The U.K. Should Let Inflation Rip for a Bit
(Bloomberg Opinion) -- The Bank of England is trapped in a policy box of its own making, having dithered and delayed on whether and when to withdraw pandemic stimulus. Although inflation is now roaring away, it shouldn't try to make up for lost time.
Fiscal tightening on the way reduces the urgency for a monetary squeeze. And while a modest rise in borrowing costs to prevent inflation expectations from becoming unmoored is justifiable, the guardians of U.K. economic stability need to be wary of throttling the economy by moving too aggressively to address price pressures that are largely outside of their control.
Consumer prices increased by 5.1% in November, the fastest pace in a decade, outstripping the 4.8% rise anticipated by economists. Central bank Governor Andrew Bailey has said he expects the figure to reach 6% in the coming months – triple the 2% target set by the government.
Evidence that U.K. inflation will prove to be anything but transient is piling up. Greggs Plc, Britain’s biggest bakery chain, has raised the prices of foodstuffs including sausage rolls and bacon baguettes by about 5% to cover higher costs for ingredients and workers. Retailer Next Plc said last week it expects to have to boost wages by an average of 5.4% this year, while the prices it charges for its autumn and winter clothing collections will rise by 6% to reflect a sustained jump in shipping costs.
The British Chambers of Commerce quarterly survey released last week showed a record percentage of firms expect to increase prices in the next three months. U.K. companies plan to increase prices by 5% in the coming year, according to the Bank of England’s monthly survey of chief financial officers published on Thursday. That’s the highest since the central bank started questioning businesses in 2017.
All that explains why the U.K. central bank raised its benchmark policy rate to 0.25% from 0.1% last month, and probably needs to reassert its inflation-fighting willingness by moving to 0.5% when it next meets on Feb. 3. But then it should pause. Most of the recent price gains cannot be controlled by increasing borrowing costs. It would be a futile gesture against soaring natural gas prices, for example, and will do nothing to curb freight costs. A squeeze on domestic incomes is on the horizon, with tax increases and higher energy bills in April unlikely to be offset by wage increases, which always lag the sticker shock of accelerating consumer prices. And while prices may remain higher, the rate of inflation will ease as year-on-year effects kick in to slow its pace.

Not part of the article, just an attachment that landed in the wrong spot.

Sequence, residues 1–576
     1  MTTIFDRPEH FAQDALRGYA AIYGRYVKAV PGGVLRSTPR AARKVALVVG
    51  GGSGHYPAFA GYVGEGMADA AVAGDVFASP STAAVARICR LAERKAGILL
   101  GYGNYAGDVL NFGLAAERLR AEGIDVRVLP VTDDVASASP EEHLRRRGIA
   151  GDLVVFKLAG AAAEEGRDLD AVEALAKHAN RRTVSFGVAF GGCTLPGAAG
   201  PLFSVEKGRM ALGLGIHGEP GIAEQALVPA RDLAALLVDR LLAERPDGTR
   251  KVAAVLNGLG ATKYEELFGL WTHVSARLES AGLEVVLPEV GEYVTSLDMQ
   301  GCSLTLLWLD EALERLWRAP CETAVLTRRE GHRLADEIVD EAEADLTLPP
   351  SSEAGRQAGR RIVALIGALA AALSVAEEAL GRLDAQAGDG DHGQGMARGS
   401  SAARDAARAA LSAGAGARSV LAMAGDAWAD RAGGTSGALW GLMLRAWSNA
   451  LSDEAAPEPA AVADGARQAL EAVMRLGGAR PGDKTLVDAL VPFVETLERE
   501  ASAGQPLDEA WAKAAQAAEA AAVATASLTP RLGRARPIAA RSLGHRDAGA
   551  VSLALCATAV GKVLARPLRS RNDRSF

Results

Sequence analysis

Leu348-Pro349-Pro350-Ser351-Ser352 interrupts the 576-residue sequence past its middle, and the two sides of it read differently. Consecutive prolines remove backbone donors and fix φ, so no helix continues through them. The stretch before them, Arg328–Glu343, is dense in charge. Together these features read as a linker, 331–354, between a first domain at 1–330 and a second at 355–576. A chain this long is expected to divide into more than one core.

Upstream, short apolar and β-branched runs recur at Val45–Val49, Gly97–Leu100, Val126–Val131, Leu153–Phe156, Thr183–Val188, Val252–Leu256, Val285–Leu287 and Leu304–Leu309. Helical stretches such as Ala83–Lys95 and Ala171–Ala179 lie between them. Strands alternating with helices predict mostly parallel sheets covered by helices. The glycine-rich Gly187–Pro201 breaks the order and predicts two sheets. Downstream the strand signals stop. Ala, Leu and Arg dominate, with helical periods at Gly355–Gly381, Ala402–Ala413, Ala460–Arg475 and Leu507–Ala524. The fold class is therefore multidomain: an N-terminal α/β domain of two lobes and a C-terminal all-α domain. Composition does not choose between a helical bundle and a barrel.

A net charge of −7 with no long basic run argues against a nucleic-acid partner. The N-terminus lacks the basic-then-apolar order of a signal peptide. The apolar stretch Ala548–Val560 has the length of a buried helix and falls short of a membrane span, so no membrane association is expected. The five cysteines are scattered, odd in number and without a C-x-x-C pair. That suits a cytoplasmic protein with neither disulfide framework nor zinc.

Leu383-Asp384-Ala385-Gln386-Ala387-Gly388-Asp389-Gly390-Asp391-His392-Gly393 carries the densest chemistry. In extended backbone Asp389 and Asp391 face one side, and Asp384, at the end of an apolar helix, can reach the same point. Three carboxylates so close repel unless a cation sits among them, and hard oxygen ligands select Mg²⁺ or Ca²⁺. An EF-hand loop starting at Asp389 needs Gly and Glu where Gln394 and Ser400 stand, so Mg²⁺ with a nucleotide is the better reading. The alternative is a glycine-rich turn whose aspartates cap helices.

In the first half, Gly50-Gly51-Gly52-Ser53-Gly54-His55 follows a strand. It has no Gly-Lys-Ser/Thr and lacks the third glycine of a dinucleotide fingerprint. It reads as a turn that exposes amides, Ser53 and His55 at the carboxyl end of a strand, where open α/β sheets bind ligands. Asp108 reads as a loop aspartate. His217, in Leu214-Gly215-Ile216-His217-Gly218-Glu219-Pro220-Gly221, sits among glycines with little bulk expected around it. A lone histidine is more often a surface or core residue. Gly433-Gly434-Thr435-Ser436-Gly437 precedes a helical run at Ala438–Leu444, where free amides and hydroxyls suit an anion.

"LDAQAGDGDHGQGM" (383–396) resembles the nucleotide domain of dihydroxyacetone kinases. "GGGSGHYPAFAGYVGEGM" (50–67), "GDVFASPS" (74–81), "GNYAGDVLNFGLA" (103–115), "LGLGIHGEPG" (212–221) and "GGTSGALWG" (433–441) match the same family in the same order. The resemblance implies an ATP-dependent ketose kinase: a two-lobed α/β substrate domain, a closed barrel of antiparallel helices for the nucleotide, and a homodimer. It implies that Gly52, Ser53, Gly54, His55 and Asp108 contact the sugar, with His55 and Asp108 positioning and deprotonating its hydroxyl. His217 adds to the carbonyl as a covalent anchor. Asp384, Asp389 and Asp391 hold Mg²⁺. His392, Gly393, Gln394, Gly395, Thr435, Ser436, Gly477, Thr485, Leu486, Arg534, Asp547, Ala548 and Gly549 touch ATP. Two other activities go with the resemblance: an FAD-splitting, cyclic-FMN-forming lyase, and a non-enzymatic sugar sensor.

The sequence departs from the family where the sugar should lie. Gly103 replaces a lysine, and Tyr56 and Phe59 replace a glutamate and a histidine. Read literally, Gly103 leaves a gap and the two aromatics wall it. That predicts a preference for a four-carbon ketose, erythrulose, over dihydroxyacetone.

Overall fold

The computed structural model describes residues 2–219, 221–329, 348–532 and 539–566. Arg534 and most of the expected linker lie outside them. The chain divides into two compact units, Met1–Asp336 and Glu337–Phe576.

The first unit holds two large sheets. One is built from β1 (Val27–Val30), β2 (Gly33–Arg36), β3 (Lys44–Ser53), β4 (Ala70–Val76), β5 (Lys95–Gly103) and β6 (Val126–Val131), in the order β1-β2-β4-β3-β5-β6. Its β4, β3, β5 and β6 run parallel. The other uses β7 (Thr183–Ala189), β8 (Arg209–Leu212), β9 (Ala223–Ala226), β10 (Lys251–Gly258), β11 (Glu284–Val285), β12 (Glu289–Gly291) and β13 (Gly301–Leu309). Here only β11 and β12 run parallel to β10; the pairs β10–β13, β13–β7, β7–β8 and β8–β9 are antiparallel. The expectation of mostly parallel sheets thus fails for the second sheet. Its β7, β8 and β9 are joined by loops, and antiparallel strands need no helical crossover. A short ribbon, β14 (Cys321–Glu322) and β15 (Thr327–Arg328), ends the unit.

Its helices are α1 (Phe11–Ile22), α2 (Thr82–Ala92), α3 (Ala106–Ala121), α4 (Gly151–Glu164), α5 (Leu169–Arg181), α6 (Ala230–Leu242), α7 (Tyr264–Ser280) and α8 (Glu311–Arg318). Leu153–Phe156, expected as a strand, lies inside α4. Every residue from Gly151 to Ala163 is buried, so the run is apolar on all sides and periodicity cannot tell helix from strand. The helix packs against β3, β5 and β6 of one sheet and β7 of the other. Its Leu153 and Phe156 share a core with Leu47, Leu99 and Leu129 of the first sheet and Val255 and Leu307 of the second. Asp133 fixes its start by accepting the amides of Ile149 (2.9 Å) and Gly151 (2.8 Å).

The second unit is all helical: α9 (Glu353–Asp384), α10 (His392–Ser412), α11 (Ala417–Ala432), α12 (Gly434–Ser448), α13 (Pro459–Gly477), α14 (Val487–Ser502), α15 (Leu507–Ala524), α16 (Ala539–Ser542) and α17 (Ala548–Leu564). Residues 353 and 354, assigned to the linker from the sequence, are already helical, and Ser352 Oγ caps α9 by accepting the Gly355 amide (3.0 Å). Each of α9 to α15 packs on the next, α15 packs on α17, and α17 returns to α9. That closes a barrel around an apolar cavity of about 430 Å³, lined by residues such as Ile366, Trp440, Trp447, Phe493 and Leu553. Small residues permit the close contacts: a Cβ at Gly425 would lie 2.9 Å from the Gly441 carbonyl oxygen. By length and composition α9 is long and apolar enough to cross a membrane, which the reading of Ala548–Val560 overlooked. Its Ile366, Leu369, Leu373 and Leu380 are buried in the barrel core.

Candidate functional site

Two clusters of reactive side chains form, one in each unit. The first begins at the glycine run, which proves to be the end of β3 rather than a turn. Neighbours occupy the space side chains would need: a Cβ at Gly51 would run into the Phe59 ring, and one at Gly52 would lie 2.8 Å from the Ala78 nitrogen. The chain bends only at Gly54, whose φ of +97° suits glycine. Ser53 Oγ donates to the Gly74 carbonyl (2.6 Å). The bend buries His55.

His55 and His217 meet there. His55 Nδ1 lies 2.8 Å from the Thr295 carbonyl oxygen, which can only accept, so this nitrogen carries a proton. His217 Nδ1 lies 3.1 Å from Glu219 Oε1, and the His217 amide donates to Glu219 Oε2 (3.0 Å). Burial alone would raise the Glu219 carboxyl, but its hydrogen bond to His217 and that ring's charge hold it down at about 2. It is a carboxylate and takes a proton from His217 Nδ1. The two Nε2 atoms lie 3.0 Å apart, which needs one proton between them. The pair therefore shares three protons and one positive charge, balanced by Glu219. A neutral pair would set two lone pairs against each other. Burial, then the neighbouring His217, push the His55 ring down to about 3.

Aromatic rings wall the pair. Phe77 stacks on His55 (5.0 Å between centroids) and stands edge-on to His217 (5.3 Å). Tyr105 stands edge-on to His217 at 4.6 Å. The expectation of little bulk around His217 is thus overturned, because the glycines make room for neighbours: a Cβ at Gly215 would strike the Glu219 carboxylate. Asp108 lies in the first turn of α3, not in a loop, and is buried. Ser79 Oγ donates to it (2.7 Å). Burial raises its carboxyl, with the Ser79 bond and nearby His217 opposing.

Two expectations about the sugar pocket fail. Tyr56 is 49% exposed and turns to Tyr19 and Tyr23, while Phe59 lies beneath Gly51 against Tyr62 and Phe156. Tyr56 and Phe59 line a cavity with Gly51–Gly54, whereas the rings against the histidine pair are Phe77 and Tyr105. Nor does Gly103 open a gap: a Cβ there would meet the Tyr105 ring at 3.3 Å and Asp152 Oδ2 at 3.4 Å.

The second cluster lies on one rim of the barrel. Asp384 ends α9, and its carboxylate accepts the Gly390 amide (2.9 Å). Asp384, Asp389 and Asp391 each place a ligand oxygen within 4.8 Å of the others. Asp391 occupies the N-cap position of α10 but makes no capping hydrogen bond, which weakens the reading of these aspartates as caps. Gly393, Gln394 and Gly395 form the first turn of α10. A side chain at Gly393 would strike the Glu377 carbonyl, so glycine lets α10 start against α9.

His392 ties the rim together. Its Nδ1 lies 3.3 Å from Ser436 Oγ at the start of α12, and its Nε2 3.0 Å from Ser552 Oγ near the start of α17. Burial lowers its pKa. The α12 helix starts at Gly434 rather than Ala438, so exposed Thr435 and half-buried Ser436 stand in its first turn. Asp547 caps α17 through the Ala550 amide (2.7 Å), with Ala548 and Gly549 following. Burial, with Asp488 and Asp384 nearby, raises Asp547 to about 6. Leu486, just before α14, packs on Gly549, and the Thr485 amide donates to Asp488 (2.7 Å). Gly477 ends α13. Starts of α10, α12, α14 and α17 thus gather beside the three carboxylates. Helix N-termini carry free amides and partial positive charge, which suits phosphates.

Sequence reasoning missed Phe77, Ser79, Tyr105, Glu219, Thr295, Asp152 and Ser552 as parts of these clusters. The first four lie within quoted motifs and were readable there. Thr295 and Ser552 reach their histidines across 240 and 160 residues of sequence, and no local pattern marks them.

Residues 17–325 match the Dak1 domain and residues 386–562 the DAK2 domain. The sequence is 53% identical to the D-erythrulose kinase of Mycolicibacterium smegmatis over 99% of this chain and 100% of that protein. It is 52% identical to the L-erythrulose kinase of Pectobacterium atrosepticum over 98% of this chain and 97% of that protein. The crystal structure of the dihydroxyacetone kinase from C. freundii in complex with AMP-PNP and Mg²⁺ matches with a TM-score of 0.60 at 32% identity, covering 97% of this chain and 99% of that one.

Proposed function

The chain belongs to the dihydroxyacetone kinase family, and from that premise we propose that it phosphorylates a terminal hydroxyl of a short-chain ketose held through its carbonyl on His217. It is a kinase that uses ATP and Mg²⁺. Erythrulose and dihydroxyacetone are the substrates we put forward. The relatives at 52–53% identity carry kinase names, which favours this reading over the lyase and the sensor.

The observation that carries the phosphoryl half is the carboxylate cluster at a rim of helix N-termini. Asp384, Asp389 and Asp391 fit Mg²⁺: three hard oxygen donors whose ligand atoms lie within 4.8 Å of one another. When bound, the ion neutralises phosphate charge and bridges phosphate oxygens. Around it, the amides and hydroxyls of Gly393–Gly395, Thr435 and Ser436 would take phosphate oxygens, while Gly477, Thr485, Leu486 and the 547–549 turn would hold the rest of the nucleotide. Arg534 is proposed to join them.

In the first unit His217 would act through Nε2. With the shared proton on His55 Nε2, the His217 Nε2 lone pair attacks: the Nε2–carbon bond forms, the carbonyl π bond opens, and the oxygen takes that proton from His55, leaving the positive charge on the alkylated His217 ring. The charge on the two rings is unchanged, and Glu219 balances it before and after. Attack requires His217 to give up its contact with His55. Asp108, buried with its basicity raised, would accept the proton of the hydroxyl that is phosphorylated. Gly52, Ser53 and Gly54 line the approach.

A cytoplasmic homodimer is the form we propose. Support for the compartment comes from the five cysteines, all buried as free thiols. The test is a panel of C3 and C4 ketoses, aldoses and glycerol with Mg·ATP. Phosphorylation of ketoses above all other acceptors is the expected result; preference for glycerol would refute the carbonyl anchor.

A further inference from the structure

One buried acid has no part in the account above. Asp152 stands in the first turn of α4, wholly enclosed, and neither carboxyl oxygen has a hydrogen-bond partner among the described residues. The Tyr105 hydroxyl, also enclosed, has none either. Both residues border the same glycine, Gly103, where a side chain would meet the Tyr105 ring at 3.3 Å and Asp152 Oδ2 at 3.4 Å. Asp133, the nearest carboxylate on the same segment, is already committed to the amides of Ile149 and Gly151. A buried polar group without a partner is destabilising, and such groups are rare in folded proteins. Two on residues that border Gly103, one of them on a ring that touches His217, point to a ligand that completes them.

A February hike would have a double impact, with rates reaching the threshold at which the central bank has said it’s willing to allow its 895 billion-pound ($1.2 trillion) balance sheet to start reducing naturally; it will let bond holdings mature rather than reinvest the proceeds. February is very much viewed as a live meeting, with overnight indexed swaps indicating an 80% chance of an additional 25 basis point increase next month.
Reduced quantitative easing stimulus will lessen the need for tighter monetary policy. And the fiscally contractionary measures on the docket in the coming months make for an economic landscape that will reduce the upward pressure on consumer prices. The BOE needs to avoid the policy mistake of overreacting to its own delayed response on combating inflation, rather than risk plunging the economy into a downturn. The inflation storm should pass of its own accord.
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Marcus Ashworth is a Bloomberg Opinion columnist covering European markets. He spent three decades in the banking industry, most recently as chief markets strategist at Haitong Securities in London.
Mark Gilbert is a Bloomberg Opinion columnist covering asset management. He previously was the London bureau chief for Bloomberg News. He is also the author of "Complicit: How Greed and Collusion Made the Credit Crisis Unstoppable."
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